Not all trial and error is learning the hard way. I’ve found that some of my biggest progress in life came after some wiser, older person over me let me stumble along and find my own way.
As a student teacher, my mentors looked over more than a few lesson plans that they knew wouldn’t work, which were full of hypothetical, idealistic experiments that were bound to crash and burn; lessons built more on group creativity than on drills of basic skills, for example. Doubtless that someone could have told me that I was wasting my time, but actually going through the experience of teaching some embarrassingly poor classes helped me really understand what does work.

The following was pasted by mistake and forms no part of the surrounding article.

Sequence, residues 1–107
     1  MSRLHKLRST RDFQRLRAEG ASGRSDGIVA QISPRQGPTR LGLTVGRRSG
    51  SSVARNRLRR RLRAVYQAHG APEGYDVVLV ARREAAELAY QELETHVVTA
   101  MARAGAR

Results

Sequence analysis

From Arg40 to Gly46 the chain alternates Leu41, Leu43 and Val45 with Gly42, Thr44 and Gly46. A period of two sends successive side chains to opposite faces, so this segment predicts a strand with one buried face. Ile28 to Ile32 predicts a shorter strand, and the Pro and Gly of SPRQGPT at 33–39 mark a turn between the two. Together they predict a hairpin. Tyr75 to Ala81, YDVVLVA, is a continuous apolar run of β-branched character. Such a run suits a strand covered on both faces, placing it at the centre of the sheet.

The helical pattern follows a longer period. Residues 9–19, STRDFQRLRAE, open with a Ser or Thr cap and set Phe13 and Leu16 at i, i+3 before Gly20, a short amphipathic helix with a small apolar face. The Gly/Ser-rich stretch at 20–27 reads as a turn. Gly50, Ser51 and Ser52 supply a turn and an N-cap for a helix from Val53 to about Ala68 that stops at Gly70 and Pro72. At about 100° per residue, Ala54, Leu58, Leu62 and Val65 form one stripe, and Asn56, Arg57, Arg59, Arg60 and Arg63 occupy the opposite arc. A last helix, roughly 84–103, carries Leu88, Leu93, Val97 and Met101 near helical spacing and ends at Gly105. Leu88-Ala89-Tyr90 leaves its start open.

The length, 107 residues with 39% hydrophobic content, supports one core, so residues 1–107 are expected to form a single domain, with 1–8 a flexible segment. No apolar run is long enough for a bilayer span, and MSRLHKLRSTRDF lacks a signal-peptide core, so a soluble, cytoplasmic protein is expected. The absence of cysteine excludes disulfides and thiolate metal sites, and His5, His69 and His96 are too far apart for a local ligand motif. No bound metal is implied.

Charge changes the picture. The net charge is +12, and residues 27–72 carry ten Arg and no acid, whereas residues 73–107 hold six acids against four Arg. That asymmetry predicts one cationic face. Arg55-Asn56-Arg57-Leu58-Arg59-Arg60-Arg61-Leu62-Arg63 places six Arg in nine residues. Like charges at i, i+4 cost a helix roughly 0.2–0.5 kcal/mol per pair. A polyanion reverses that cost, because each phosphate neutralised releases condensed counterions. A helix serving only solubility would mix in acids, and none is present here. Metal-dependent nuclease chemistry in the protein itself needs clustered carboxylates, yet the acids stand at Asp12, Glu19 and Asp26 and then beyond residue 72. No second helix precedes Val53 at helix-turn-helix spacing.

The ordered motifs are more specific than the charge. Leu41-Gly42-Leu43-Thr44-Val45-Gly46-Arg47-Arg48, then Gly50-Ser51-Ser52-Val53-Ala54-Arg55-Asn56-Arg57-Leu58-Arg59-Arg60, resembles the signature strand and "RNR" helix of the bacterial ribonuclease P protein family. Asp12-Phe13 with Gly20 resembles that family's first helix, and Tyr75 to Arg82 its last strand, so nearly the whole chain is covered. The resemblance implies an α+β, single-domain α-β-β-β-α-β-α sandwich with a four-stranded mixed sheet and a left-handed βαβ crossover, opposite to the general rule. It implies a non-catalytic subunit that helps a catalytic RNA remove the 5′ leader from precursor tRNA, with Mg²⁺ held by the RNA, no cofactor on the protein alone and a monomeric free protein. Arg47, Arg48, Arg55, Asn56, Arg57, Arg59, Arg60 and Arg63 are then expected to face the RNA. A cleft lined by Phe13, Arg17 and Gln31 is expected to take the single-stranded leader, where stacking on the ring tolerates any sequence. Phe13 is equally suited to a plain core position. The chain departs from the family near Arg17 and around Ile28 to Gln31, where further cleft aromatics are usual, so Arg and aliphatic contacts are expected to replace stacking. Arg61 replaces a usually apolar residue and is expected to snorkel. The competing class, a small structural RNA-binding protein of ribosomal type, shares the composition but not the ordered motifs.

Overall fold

Ditto at church. In various positions, I’ve tried some dumb stuff to help motivate and serve people–unnecessary assignments, pointless meetings, inappropriate lessons–and the patient people in authority over me have usually let me do my thing, providing that it doesn’t do too much damage.
The more I think about it, the more impressed I am that so many people have been comfortable enough and trusting enough to let me grope my way forward in the dim, bleary vision of the rookie, quite like a parent letting a child toddle around and only intervening when he’s going to really hurt himself.
Am I so mature myself now? Sadly, no. I tend to be an obsessive, micromanaging, controlling leader. I don’t know why; I can’t remember such dominance ever having good results. I need to become more patient of letting people grow, the way lots of great people have let me grow.